The fate of the EU could be decided April 23-May 7, when the French vote for a new president in their elections. If a pro-European candidate doesn’t win there, the European project may instead be forced into a long, cold winter, and nationalist, protectionist and populist agendas may once again take the upper hand.
The French presidential elections, run in two rounds on April 23 and May 7.
Le Pen is very likely to advance to the second-round final vote with Emmanuel Macron, the leading centrist candidate. Both politicians poll at about 25% currently, well ahead of other contenders. In the second round, Le Pen is expected receive only around 35% of the votes. That is well below the poll numbers of 2016’s seminal election winners: the “Leave” campaign in the U.K., and Donald Trump in the U.S. elections. But a terror attack or political bombshell might still make Le Pen a real contender in that final round on May 7.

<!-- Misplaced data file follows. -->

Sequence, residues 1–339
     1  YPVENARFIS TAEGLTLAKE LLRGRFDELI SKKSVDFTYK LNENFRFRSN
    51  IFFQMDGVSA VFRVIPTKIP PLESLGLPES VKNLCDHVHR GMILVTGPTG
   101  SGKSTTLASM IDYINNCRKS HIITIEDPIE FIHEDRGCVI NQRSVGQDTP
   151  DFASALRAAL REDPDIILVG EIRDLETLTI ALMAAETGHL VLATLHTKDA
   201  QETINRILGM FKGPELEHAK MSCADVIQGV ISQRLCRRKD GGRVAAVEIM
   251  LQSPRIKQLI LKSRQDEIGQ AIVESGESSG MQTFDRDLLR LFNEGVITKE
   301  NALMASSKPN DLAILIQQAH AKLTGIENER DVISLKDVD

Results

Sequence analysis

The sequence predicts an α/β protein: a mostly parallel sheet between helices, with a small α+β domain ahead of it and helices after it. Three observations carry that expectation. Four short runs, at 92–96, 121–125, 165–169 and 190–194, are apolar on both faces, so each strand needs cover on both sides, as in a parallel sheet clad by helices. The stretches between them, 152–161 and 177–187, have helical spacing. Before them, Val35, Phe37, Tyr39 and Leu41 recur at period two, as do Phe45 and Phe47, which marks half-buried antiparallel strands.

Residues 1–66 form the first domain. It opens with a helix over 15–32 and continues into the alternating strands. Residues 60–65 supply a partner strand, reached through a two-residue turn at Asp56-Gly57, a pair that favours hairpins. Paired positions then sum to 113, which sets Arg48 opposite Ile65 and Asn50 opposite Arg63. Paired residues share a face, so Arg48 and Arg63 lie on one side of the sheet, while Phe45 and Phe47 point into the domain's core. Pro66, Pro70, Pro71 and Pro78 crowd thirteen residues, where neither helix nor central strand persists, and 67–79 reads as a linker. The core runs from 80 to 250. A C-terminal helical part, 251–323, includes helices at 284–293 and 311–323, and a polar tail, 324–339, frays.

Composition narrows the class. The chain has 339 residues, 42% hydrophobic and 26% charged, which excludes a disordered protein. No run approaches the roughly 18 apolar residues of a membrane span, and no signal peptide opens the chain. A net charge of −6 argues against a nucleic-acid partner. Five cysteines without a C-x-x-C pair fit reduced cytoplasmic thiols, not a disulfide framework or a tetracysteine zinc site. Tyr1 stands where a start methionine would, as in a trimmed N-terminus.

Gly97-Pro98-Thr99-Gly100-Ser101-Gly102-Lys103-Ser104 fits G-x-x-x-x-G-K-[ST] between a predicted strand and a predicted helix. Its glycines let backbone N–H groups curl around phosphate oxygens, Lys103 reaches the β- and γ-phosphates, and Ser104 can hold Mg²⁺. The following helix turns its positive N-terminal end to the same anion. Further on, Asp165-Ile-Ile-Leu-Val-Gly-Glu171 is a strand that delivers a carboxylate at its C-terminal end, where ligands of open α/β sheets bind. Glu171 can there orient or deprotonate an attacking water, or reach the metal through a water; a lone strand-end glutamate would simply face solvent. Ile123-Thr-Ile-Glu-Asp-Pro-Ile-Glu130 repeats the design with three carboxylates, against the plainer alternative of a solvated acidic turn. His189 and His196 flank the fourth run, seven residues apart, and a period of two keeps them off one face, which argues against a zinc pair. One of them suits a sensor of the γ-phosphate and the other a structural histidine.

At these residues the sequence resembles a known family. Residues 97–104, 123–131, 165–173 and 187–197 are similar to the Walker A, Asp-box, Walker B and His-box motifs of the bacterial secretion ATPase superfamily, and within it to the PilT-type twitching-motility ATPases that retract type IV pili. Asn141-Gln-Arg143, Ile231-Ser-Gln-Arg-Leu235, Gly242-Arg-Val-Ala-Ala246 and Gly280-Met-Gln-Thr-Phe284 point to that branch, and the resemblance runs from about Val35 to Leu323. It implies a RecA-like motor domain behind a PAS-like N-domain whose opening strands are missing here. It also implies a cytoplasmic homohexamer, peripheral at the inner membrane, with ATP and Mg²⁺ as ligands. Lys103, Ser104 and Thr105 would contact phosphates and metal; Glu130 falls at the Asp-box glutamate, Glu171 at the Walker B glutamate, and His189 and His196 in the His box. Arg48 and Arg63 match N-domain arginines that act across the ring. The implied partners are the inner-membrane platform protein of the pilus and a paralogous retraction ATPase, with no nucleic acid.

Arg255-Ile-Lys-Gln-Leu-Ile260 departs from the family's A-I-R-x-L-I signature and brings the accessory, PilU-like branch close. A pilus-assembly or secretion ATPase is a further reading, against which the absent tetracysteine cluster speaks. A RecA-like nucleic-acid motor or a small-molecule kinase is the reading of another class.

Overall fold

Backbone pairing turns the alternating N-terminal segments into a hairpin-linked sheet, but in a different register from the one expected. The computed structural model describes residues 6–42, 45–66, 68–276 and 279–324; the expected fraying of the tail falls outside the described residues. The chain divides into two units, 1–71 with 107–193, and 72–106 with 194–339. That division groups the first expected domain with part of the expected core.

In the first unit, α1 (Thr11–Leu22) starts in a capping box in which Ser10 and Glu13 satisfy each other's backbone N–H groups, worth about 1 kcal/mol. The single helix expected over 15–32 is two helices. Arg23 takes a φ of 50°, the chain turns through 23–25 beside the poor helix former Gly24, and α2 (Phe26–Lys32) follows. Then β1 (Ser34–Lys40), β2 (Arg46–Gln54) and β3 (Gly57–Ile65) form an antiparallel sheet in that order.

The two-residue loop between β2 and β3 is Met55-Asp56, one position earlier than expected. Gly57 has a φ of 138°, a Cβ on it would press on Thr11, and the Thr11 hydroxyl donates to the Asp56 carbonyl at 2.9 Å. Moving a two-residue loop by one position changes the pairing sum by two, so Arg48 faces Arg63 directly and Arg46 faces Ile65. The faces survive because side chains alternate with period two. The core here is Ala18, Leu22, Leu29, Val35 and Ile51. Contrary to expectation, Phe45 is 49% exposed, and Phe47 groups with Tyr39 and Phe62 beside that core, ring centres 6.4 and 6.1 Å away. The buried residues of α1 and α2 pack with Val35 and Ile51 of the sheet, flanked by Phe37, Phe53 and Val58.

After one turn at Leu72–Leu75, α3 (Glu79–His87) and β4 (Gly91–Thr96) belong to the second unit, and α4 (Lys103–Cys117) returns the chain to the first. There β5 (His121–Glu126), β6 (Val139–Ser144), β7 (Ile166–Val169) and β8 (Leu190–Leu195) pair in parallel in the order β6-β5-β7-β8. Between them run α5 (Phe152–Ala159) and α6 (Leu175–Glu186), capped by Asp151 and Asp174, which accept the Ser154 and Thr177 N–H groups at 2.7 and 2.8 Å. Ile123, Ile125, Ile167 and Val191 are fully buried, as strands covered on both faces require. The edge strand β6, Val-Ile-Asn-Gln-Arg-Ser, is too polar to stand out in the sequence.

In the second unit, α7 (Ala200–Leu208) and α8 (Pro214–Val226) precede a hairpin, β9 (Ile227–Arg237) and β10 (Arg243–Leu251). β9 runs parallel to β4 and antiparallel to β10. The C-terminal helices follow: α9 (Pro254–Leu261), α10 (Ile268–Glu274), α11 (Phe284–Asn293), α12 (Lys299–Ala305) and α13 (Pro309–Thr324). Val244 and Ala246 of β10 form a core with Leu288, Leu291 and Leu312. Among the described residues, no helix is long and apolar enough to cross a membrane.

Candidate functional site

The reasons for that are multifold, but the fact that France was the European focal point for terror attacks in recent years, and has for years had a complicated relation to immigrants, certainly plays a major role.
A possible election of Le Pen in France would be much more fatal to the European project than Brexit.
France was the EU’s Founding ‘Motor’
France, unlike the U.K., was a founding member of the EU just as The Netherlands was. But more than The Netherlands, it was also the real motor behind the European integration, together with Germany. French politicians, particularly former EU Commission President Jacques Delors, are credited with shaping the European institutions we know today. Others, such as former President Francois Mitterrand, laid the foundations for the Franco-German tandem.
It is more likely that a moderately pro-European candidate will win the French elections with a more or less comfortable margin (65% to 35% according to projections).
However, experts had also predicted that Brexit would fail and that Hillary Clinton would become president of the United States in a landslide.